This was one of those games where you could watch, understand precisely what was happening, and still have no idea why it was happening. The top headline stuff is CDu setting the Knicks single-game assist record, David Lee setting several personal bests, and the Knicks as a whole putting an improbable 82 on the board in the first half. All of which is weird enough, but when you break down how this all happened it was even weirder than that makes it sound.
Coach D’Antoni was quoted after the game as saying Lee should have had 50, and frankly, he’s not wrong or exaggerating in the least. The Knicks ran probably 80% of their plays tonight out of a simple high screen/roll, most of those between Lee and Duhon, and I can’t recall ever seeing a team defend that less well than Golden State did tonight. Every play was a new and inventive way to botch it: two men jump the cutter, no one rotates, dunk; two men drop off and chase the cutter, PG pulls up, open jumper; first two men do their job well, but someone on the backside wing ball-watches and drops in, kickout, easy open three pointer; two men jump out on the PG, and the man rotating to the cutter goes too far and fouls the resulting dunk for a continuation; and so forth. Good gravy was this bad stuff. And the bad defense didn’t stop there for the Warriors, because a lot of the other 20% or so of the Knicks plays were bizarre, this-should-never-happen exploitations of mismatches like Tim Thomas (who was solid tonight, I will admit) posting up Kelenna Azubuike, or QRich posting up one of the small guards. Throw in a total lack of boxing out and this was pretty much just epic fail.
Not that our heroes weren’t fantastic tonight, mind you. Duhon’s passing was superior; he was given a ton of opportunities, but he took advantage of nearly all of them and produced only 3 turnovers in 45 minutes of an incredibly fast-paced game. David Lee’s wildly underrated athleticism and ball skills were on display tonight not only on his breakaway self-oop dunk, but also in the way he’d get the team into transition quickly by dribbling out his own rebounds, and the way he attacked Andris Biedrins face-up off the dribble on multiple occasions. Al Harrington was in full-on remorseless chucker mode, but that’s alright when you’re playing 7 deep in this kind of game and when it’s abundantly clear that almost every shot is a good one given the sort of defense on display. He also attacked the rim with vigor and tried to help out on the boards, which is not a strength of his. And yes, Tim Thomas was as good as you could hope for: after a few dumb turnovers early, he also attacked the rim (especially on a YouTubing of Anthony Randolph in the second half), exploited mismatches, and generally showed the effort, on the offensive side at least, which you’d like to see from him. Keep it up, Tim.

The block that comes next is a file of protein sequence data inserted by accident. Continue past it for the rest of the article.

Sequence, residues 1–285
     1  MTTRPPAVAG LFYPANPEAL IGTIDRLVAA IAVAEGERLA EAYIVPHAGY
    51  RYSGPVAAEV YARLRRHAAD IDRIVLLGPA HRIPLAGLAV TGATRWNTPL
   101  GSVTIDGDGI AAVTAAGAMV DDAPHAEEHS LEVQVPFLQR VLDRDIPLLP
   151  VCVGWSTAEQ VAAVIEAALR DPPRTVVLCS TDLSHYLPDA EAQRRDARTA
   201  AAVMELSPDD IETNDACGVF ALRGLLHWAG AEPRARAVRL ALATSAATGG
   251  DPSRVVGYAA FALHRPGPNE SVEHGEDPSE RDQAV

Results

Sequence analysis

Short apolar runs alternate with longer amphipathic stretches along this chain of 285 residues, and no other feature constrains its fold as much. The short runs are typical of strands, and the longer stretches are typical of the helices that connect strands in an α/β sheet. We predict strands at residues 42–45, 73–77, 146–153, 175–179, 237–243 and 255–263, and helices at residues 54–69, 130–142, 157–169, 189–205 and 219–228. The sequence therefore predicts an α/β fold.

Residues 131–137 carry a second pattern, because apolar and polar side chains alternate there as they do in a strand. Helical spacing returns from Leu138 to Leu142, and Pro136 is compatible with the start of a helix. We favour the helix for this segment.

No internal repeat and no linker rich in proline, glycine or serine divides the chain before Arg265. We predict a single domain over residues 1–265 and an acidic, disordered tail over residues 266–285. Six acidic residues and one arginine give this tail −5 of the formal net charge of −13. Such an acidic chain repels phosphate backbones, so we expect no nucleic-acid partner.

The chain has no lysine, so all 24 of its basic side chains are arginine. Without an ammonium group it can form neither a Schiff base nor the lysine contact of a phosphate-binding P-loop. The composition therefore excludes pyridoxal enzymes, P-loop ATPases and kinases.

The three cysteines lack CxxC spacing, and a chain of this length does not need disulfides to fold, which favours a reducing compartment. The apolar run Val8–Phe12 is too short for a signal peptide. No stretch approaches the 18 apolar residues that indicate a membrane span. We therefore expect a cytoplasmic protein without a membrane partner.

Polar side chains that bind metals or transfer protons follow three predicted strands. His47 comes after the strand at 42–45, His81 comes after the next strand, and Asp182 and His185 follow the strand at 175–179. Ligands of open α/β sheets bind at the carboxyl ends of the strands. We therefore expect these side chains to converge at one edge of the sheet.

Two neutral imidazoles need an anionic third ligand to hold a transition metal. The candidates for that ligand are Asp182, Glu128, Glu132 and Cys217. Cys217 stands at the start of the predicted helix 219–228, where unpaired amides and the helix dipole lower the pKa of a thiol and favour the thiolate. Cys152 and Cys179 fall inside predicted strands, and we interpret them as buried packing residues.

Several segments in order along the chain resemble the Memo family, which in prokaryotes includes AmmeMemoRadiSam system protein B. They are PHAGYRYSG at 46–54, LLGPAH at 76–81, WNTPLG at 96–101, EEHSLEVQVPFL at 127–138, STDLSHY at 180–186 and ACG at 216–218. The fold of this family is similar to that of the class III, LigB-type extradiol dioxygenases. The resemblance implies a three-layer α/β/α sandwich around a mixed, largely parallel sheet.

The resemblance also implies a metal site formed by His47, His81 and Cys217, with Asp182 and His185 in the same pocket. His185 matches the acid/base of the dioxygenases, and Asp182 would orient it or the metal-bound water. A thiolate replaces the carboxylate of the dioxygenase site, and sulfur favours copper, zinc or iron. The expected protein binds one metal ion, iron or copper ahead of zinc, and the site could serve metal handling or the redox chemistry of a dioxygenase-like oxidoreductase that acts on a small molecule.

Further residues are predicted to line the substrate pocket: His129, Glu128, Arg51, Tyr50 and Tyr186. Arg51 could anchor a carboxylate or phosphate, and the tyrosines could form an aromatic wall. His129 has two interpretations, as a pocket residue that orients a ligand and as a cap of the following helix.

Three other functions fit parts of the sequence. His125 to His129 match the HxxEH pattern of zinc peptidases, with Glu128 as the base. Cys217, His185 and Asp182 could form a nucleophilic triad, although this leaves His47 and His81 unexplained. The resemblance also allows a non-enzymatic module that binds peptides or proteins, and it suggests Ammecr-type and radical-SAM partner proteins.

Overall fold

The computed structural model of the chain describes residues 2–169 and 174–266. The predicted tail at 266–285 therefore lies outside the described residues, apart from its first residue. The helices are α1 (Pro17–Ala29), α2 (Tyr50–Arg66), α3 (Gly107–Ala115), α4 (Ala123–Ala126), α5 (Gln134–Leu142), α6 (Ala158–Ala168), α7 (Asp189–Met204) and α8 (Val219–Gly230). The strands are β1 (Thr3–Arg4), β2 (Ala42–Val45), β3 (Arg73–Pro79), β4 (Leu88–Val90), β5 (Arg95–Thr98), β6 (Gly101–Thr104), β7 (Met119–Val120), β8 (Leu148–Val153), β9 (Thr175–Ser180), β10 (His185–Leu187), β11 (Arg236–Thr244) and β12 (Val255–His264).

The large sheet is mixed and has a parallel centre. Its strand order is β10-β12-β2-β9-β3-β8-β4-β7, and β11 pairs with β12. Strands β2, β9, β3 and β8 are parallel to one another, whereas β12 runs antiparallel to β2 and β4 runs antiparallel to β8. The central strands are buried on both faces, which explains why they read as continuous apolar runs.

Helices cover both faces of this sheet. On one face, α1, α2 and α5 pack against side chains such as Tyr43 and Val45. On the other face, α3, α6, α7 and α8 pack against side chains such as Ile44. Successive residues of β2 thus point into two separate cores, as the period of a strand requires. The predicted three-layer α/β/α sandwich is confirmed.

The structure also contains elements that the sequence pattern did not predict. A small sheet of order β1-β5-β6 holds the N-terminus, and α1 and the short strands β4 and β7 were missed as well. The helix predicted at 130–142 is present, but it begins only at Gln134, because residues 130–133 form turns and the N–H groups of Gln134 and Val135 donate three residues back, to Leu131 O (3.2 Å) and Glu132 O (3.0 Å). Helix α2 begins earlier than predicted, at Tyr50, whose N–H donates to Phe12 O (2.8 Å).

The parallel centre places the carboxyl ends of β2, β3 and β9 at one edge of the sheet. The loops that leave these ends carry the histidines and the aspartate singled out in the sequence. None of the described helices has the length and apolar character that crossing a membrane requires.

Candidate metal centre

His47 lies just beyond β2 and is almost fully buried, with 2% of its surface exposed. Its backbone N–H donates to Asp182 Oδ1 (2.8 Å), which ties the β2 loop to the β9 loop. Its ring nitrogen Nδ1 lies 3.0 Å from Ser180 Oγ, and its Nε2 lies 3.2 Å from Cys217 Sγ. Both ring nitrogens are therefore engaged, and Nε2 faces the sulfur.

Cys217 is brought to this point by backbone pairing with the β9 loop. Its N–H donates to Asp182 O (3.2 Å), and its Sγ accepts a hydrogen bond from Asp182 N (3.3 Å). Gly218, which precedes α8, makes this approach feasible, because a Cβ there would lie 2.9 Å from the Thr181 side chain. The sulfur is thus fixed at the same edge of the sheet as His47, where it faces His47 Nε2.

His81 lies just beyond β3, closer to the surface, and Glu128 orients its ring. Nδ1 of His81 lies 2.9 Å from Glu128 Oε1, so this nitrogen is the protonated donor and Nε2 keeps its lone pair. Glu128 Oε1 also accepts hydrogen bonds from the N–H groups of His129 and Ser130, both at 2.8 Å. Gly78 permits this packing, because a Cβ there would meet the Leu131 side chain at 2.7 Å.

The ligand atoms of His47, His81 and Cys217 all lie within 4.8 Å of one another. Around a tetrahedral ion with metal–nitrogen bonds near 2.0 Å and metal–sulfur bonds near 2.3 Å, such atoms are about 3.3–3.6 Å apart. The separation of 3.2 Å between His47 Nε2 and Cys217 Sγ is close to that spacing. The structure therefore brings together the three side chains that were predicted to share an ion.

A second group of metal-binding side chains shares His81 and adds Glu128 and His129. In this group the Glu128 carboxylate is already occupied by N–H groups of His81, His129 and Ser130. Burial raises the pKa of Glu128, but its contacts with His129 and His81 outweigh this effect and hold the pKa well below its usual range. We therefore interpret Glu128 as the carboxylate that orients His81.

All in all, and utterly satisfying night of basketball. I don’t know what’s wrong with GS unless it’s just the 4 games in 5 nights thing, but they need to sort their screen/roll defense out quickly if they plan to matter. As for the good guys- solid win, hope they get some rest, and enjoy those records. Next game up is Portland on Tuesday.
So I caught Suns/Heat tonight, and made it a point to focus on Shaq. Here’s the box score.
On the face of things, he looks alright- 75% from the field, 9 boards, a block and a steal in 29 minutes. But if you watched the game…brutal. I haven’t seen enough of the Suns this year to know if I was seeing something out of the ordinary, but what I saw was the Suns turn over the ball on 3 of their first 4 possessions trying to force the ball into the post, and things not improving much from there.
For the majority of the evening Shaq was single-covered by Joel Anthony, a Canadian center out of UNLV in his second year, who appears notable mostly for his uncanny resemblance to a younger version of pro boxer Bernard Hopkins. Anthony would, time and again, front Shaq in the post and deny him the ball; and partially because Steve Nash wasn’t playing and thus unable to throw the proper entry passes, and partially because his athleticism is gone, Shaq just couldn’t find the position and timing to break this defense. The Suns were determined to try, but all through the game lobs would go over his head, short passes would bounce past his hands, and O’Neal would end up utterly neutralized as a threat. He ended up getting his points mostly on putbacks and bailout passes from cutters, but…he also ended up with no free throw attempts. No ATTEMPTS. He was so ineffectual that there was only one occasion when the Heat even felt compelled to foul him to prevent a shot. The Suns finished with 19 turnovers.